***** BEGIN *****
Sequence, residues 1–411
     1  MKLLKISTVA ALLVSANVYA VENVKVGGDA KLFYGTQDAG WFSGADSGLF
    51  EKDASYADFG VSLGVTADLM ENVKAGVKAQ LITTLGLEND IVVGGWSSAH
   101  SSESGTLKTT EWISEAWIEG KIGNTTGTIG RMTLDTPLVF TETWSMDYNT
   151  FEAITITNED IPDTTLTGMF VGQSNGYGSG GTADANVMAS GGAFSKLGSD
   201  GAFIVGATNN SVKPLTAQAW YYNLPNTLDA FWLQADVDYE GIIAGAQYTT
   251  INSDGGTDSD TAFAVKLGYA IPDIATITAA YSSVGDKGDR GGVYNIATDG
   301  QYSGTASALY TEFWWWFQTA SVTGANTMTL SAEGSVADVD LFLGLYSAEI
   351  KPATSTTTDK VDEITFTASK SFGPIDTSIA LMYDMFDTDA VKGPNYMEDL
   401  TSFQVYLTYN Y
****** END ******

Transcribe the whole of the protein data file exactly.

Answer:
Sequence, residues 1–411
     1  MKLLKISTVA ALLVSANVYA VENVKVGGDA KLFYGTQDAG WFSGADSGLF
    51  EKDASYADFG VSLGVTADLM ENVKAGVKAQ LITTLGLEND IVVGGWSSAH
   101  SSESGTLKTT EWISEAWIEG KIGNTTGTIG RMTLDTPLVF TETWSMDYNT
   151  FEAITITNED IPDTTLTGMF VGQSNGYGSG GTADANVMAS GGAFSKLGSD
   201  GAFIVGATNN SVKPLTAQAW YYNLPNTLDA FWLQADVDYE GIIAGAQYTT
   251  INSDGGTDSD TAFAVKLGYA IPDIATITAA YSSVGDKGDR GGVYNIATDG
   301  QYSGTASALY TEFWWWFQTA SVTGANTMTL SAEGSVADVD LFLGLYSAEI
   351  KPATSTTTDK VDEITFTASK SFGPIDTSIA LMYDMFDTDA VKGPNYMEDL
   401  TSFQVYLTYN Y